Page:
08.11.

Mi / 10:00 – 11:30

Water / and / being / sufficient

The Stakes of Continuum in M. NourbeSe Philip’s Zong!

Tom Allen, KWI International Fellow

Online (Zoom) & Institute for Advanced Study in the Humanities Essen (KWI), Room 106, Goethestr. 31, 45128 Essen

This presentation aims to do two things. The first is to present an overview of the broader project, Care for Trapped Literature and the Critique of Insurance. Allen will begin the presentation by introducing the general scope of this project and its points of focus in literary studies, Critical Theory, and economic history. Following this, he focusses on a close reading of M. NourbeSe Philip’s 2009 publication Zong!. This book of hermetic, opaque, and nonetheless lyrical poems is composed exclusively from words used in Gregson v. Gilbert. The manuscript in question provides a record of the insurance trial related to the so-called Zong massacre of November 1781 in which over one hundred and twenty people were jettisoned alive off the coast of Jamaica because, as claimed at the time and subsequently by those campaigning for the abolition of the Atlantic slave trade, their value as insured commodities exceeded the value they were expected to fetch at market.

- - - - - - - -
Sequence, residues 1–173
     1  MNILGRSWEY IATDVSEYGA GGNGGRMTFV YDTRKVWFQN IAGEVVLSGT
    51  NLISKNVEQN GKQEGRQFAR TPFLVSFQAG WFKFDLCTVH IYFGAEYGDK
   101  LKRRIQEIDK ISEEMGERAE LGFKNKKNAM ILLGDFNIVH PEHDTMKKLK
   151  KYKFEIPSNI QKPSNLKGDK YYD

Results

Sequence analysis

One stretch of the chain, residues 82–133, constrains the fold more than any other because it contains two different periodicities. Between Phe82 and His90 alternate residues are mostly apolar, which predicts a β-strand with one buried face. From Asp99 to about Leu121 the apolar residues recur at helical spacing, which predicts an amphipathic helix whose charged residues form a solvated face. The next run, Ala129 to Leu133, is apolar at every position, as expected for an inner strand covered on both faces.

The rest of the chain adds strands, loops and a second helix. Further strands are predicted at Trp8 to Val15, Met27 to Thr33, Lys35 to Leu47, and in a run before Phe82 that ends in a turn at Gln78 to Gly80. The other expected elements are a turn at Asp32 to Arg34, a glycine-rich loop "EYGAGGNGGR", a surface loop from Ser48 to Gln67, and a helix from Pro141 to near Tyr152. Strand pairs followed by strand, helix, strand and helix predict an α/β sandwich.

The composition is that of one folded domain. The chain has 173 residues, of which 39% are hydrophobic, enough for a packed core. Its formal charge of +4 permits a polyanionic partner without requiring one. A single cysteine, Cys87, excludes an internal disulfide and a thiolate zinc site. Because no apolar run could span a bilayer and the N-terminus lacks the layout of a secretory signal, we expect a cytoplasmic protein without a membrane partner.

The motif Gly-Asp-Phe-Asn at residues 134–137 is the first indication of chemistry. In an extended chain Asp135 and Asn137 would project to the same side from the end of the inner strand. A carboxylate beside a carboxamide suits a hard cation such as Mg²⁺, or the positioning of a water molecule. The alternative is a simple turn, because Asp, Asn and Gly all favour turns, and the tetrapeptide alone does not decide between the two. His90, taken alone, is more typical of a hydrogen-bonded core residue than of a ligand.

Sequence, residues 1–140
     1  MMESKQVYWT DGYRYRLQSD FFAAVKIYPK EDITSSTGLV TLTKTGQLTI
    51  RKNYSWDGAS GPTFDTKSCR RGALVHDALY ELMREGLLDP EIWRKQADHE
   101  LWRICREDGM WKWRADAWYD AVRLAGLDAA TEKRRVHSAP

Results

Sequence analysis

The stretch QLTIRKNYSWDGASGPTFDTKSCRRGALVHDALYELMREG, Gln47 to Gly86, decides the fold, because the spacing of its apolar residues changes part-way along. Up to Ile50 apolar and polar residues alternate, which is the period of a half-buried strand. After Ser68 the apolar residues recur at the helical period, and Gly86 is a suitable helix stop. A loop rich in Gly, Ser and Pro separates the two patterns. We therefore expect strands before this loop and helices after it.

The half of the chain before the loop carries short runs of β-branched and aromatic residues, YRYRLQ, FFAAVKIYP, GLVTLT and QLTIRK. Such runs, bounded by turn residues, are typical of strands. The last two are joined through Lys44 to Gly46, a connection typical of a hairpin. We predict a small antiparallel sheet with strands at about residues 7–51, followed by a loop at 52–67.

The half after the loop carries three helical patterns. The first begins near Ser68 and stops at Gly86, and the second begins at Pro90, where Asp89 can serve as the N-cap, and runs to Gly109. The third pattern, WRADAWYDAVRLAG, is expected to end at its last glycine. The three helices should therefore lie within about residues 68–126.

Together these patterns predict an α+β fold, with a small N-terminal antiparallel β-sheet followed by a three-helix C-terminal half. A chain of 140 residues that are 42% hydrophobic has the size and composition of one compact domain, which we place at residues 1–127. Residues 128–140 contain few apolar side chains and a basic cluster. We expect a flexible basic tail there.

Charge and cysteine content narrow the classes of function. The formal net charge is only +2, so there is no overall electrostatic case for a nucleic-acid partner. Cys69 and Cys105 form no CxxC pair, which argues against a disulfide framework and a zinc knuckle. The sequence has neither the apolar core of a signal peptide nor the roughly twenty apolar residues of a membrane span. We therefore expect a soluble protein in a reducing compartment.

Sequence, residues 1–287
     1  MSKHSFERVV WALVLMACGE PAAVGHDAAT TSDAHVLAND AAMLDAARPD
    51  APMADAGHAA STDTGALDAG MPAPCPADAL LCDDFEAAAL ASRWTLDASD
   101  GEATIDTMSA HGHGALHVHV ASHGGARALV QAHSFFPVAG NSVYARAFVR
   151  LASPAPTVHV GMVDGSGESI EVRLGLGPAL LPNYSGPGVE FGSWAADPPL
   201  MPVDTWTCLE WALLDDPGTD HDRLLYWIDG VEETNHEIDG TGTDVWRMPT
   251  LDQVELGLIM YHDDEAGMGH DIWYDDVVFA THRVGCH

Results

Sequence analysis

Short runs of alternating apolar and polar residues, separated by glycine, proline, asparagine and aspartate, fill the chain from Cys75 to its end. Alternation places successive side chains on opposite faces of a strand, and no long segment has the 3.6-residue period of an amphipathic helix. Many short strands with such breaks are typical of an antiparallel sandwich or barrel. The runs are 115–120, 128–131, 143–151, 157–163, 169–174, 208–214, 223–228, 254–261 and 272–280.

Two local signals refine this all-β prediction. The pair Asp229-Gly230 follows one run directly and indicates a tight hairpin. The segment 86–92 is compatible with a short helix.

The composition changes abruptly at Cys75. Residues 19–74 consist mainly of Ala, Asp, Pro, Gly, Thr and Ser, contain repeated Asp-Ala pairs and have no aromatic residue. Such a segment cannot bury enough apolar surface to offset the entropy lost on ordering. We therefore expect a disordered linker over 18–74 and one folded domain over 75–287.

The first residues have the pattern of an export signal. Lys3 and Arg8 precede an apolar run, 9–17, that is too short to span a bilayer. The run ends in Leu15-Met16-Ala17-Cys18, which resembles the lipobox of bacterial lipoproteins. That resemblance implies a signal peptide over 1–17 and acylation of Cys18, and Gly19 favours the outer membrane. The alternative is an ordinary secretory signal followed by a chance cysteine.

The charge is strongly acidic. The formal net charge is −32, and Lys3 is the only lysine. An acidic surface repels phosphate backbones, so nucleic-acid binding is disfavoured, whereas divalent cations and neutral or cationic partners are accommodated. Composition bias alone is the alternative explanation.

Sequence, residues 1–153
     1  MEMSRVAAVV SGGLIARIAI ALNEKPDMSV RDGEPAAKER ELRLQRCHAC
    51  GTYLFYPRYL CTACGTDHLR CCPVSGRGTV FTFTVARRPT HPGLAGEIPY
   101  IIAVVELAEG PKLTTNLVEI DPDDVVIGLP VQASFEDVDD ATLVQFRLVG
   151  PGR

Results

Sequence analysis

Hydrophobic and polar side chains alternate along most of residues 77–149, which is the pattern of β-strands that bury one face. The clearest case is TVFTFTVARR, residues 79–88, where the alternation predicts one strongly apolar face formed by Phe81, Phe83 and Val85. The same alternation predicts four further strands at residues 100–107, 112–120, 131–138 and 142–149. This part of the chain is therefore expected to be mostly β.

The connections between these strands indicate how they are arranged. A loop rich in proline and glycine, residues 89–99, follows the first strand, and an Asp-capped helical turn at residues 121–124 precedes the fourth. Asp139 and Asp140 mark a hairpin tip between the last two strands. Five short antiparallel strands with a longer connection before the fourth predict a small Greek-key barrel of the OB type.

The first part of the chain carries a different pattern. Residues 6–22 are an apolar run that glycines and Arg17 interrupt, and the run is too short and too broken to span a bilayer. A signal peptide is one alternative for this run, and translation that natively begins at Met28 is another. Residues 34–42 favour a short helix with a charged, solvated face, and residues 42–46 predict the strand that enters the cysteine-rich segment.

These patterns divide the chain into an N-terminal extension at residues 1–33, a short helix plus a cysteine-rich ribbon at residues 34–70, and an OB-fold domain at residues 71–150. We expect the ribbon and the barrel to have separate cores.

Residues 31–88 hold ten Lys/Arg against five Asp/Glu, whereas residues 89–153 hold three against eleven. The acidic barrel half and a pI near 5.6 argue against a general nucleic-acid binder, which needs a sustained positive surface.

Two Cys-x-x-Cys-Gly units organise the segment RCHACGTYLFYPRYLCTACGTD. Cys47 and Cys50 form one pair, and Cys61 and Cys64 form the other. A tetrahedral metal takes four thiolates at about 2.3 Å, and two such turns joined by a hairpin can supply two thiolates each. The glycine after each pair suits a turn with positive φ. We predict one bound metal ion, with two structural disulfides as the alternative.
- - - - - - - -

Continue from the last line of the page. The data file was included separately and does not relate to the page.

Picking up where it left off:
In particular, Allen will focus on Philip’s suggestions that this event exists in a continuum with contemporary North American anti-black violence and mass incarceration. He aims to elaborate the material history underpinning this speculative continuum via a consideration of the evolution of notions of risk, character alongside innovations in technologies of surveillance, and actuarial calculation. He will argue at the same time, however, that Zong! as a work of poetry disrupts this continuum and, in doing so, reintroduces elements of repressed contingency into what may otherwise read as a fatalistic progression from the hold to the prison cell. In doing so, Allen aims to illustrate one of the key claims of his overall project: that certain aesthetic representations of what Francois Ewald has termed “the insurantial imaginary” – defined as the uses to which technologies of insurance are put in any one historical period – enable one to grasp important elements of the social relations underpinning this imaginary and to envisage their transformation into something different and better.